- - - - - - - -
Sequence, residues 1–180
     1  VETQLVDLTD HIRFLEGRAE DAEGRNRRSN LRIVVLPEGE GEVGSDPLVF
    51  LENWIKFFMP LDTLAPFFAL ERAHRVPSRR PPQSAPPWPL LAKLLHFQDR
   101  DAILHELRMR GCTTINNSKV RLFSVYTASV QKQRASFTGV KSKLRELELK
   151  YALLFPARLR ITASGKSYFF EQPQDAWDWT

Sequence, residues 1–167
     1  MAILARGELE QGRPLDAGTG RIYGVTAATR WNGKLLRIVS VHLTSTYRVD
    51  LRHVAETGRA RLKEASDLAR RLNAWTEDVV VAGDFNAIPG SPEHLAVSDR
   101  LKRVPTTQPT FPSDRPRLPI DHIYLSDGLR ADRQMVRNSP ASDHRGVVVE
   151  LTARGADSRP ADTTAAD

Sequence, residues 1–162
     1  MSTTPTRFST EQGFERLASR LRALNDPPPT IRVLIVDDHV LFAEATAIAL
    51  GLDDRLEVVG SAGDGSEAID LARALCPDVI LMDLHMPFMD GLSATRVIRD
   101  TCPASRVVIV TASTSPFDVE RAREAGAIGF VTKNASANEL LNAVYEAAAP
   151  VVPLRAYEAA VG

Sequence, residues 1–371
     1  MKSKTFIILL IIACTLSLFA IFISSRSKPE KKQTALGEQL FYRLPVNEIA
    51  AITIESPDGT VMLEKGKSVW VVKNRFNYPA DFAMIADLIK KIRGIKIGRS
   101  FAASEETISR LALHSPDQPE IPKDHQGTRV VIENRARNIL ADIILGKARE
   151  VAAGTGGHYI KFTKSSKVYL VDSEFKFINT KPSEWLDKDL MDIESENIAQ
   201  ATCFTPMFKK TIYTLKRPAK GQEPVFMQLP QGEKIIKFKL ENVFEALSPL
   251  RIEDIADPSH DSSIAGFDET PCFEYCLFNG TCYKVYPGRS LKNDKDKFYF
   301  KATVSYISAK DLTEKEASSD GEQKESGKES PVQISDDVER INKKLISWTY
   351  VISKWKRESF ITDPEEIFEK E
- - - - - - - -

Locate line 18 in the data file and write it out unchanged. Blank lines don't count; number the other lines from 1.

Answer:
    51  AITIESPDGT VMLEKGKSVW VVKNRFNYPA DFAMIADLIK KIRGIKIGRS